The odds are pretty good that you know your Miranda rights. Not because you learned them in a civics class, necessarily, but because you have heard them—in whole or in part—in countless TV shows and movies or read them in your favorite mystery novels when the cops make an arrest. Here they are in full:
You have the right to remain silent. Anything you say can and will be used against you in a court of law. You have the right to an attorney. If you cannot afford an attorney, one will be provided for you. Do you understand the rights I have just read to you? With these rights in mind, do you wish to speak to me?
Why are they called Miranda rights? Well, the name comes from a landmark Supreme Court case known as Miranda v. Arizona, in which the Justices ruled that Ernesto Miranda’s statements to police could not be used against him in court because the police had not advised him of his Constitutional rights.
In other words, the Supreme Court made it clear that the police cannot force you to talk with them and that they must allow you to consult with a lawyer—even if you do not have the financial means to hire a lawyer on your own. Further, the police are required to inform you of these rights, which is what they do when they read or recite a person’s Miranda rights at the time of the arrest. This has been standard practice since Miranda v. Arizona was decided in 1966.
So, that’s the history lesson. But you are probably wondering about Miranda rights in the present—especially in a case in which the cops have stopped you because they suspect you are driving drunk.
What You Need to Know About Miranda Rights and DUI
The police must read you your Miranda rights in either of the following situations:
- They have arrested you and taken you into custody.
- They begin to ask you questions that could lead to self-incrimination.
But if the police don’t arrest you and they don’t ask incriminating questions, they do not have to read you your Miranda rights. That means anything you happen to reveal to the police can potentially be used against you in court. That is why it is so important not to volunteer information to the police. Instead, respectfully ask to speak with an attorney.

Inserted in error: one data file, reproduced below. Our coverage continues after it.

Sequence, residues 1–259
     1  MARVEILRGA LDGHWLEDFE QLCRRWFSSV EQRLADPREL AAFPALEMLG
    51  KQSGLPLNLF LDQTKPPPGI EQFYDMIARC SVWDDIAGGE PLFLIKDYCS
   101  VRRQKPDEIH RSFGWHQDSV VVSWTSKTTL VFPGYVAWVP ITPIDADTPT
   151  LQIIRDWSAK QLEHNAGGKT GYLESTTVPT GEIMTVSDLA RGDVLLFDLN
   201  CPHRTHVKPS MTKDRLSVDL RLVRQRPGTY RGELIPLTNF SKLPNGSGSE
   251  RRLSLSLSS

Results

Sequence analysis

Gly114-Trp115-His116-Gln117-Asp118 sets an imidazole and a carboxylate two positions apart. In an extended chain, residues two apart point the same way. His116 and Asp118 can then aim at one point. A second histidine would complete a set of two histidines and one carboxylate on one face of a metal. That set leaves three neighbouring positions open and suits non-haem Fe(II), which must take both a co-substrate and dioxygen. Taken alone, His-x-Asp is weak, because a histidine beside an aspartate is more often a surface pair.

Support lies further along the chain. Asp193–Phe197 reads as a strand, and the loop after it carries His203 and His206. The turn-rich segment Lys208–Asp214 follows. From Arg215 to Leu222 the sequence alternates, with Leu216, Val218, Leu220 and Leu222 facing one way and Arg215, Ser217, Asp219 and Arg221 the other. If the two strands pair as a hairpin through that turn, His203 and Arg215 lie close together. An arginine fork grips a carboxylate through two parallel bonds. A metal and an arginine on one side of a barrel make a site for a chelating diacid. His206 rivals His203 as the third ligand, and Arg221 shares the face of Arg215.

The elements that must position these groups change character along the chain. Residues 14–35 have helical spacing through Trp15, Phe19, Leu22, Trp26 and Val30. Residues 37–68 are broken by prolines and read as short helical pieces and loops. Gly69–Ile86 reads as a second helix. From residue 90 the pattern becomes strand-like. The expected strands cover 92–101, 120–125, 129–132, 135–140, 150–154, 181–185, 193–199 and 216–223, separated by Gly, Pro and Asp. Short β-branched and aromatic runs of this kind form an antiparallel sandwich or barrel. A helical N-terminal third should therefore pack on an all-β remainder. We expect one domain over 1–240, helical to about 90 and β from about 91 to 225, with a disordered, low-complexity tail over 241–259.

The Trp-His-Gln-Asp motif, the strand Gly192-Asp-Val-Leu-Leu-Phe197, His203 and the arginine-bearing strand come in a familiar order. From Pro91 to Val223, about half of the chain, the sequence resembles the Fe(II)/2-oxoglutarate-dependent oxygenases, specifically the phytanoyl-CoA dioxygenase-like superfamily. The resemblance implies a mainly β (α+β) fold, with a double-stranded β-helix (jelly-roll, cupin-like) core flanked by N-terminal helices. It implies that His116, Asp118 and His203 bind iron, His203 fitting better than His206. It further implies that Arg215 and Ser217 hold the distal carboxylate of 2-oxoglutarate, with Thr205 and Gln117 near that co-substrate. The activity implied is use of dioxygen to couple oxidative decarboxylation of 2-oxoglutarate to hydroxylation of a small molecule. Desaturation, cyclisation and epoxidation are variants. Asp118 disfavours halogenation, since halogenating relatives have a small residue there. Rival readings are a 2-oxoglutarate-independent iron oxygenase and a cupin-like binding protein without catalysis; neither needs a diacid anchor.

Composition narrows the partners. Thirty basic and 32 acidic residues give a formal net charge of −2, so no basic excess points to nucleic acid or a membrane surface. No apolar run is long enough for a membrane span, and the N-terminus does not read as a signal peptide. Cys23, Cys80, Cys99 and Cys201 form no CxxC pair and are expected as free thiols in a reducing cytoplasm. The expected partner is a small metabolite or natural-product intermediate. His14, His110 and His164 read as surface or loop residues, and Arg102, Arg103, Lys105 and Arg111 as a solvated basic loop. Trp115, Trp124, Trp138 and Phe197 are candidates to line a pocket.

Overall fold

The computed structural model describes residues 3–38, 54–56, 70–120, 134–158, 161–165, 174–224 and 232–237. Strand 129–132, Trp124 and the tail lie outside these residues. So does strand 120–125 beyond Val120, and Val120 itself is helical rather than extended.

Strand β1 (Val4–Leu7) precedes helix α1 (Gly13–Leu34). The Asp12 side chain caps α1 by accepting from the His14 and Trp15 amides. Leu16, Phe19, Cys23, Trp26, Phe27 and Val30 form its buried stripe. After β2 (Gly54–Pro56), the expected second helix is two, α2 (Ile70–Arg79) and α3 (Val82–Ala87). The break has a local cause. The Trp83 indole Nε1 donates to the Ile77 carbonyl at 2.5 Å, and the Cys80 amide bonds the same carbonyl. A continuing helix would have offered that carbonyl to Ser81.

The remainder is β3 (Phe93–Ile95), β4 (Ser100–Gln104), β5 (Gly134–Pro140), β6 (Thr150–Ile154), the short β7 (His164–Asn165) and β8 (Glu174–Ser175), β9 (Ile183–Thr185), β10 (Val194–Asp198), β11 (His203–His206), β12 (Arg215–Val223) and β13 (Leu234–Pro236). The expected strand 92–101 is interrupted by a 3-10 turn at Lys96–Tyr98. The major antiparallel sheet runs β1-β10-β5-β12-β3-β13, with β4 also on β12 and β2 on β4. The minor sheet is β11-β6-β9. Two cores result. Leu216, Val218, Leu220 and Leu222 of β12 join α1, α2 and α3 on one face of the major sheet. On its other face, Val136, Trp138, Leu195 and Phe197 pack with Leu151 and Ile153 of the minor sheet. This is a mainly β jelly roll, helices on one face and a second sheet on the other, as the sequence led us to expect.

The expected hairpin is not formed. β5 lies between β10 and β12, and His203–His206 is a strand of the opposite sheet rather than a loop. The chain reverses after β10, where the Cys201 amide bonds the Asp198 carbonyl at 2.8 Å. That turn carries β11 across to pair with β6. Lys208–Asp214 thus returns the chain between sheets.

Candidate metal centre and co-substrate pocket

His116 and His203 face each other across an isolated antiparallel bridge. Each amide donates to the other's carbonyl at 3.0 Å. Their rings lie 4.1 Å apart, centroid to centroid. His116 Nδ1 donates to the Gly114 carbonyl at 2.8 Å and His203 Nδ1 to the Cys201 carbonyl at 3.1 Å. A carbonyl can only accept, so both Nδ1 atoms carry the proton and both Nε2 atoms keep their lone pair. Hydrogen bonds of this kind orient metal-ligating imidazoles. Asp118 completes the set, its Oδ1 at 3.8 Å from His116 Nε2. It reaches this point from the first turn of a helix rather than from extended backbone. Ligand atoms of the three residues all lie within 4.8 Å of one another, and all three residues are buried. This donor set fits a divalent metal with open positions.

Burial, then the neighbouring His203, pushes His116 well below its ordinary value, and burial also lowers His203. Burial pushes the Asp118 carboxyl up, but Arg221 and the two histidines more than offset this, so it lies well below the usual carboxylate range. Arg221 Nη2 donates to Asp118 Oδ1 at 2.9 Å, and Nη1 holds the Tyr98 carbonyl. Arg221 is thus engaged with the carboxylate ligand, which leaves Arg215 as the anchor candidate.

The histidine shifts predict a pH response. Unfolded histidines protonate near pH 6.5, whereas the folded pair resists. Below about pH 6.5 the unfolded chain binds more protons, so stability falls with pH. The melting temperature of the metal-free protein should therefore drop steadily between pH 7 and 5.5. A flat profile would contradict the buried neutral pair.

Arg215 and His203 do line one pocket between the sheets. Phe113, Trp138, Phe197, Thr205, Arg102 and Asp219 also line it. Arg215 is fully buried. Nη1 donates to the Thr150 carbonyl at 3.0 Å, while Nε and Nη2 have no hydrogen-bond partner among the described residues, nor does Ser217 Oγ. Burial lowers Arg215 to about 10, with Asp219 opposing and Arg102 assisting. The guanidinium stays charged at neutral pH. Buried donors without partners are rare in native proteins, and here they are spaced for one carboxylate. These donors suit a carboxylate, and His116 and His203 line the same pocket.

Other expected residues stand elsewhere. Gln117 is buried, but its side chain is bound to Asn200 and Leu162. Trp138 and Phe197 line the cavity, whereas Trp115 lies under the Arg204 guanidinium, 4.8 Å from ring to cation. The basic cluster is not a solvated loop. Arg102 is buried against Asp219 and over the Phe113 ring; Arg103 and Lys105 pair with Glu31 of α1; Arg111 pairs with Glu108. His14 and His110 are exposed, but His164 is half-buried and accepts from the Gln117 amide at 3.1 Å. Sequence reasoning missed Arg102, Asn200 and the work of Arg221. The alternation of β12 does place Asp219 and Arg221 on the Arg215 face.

If you are arrested or subjected to a potentially incriminatory interview but the police have not made you aware of your Miranda rights, statements you make cannot be used as evidence in court. Your defense attorney will vigorously insist that any information obtained improperly will not be used against you. And that could lead to the dismissal of your case.
Exceptions to the Miranda Rights Rules
We must note here that there are a few exceptions that allow the police to acquire evidence even if you haven’t been read your Miranda rights. These include:
- Police can ask about weapons as a matter of public safety. If the question leads to the discovery of a weapon, that fact is admissible in court. Other tangible evidence found in this way is also admissible.
- If a witness is discovered during a conversation with a suspect, that witness and their statements are admissible.
- If the evidence would have been inevitably discovered—even without the suspect mentioning it—that evidence is admissible.
Get an Experienced Criminal Defense Lawyer on Your Side Right Away
If you have been arrested for DUI, your next move should be to contact an experienced defense attorney. Your attorney will have a range of questions for you—including asking you about if and when the police read you your Miranda rights.
The skilled attorneys of Griffen & Stevens Law Firm have the experience you need on your side after an arrest. Exercise your rights by remaining silent in the face of police officer questionings, and contact us right away to discuss your case and the circumstances of your arrest.